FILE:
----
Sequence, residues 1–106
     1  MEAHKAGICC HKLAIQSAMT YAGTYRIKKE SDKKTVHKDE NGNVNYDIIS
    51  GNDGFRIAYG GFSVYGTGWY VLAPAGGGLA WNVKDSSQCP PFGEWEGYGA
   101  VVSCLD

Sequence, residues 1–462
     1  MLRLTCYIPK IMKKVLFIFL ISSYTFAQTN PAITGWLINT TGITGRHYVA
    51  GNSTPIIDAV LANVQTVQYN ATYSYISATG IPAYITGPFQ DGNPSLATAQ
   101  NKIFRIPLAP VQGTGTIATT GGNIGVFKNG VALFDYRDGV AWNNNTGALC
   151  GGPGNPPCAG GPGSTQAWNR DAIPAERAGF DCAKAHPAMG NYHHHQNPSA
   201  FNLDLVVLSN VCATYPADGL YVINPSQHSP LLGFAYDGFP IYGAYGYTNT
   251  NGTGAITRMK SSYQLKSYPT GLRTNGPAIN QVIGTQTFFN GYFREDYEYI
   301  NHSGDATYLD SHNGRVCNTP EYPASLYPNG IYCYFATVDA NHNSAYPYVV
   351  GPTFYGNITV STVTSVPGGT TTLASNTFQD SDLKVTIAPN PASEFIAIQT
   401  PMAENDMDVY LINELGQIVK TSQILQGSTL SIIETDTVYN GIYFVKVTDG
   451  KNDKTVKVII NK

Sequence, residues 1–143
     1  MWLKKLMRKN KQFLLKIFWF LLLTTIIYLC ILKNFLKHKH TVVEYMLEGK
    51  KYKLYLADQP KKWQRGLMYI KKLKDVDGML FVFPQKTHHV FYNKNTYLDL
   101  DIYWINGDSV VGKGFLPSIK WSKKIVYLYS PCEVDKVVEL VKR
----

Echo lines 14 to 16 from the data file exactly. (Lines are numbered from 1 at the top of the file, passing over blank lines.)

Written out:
   401  PMAENDMDVY LINELGQIVK TSQILQGSTL SIIETDTVYN GIYFVKVTDG
   451  KNDKTVKVII NK

Sequence, residues 1–143